Grace's Guide is the leading source of historical information on industry and manufacturing in Britain. This web publication contains 133,117 pages of information and 210,773 images on early companies, their products and the people who designed and built them.
1844 In their first year of operation, Denny Brothers built the screw steamer Water Witch, of 240 tons and 36 HP, designed for the Dublin and English trade; she was the first mercantile screw-steamer built on the Clyde.
1844 The New Lochlomond Steamboat Company was formed and purchased a recently built Clyde steamer, the Waterwitch. The Waterwitch was intended to sail year-round on the loch and to be able to carry cargo and livestock to serve the communities around the lochside.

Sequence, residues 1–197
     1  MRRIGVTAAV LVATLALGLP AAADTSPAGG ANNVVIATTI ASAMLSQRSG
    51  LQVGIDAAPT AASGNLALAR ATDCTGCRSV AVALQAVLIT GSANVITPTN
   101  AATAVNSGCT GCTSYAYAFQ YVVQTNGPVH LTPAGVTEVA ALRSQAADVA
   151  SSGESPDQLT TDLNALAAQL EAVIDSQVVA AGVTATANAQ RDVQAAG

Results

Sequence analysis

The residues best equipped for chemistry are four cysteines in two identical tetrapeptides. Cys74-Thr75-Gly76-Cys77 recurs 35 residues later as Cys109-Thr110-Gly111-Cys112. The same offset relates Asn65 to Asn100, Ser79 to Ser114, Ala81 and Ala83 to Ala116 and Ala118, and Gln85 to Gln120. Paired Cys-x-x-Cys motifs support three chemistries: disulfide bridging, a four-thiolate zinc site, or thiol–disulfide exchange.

The main proponents of the new company were Jean Donald, innkeeper of Dumbarton, John Bell, flesher of Dumbarton, Alexander Ritchie of Bonhill, and Michael Waddell, writer of Glasgow.
1845 New Lochlomond Steamboat Company negotiated a formal partnership with the other steamer on the loch, Lochlomond.
1852 the hull of the Waterwitch was found to be in poor repair and a new hull was built for the machinery of the old vessel which was now named Queen Victoria.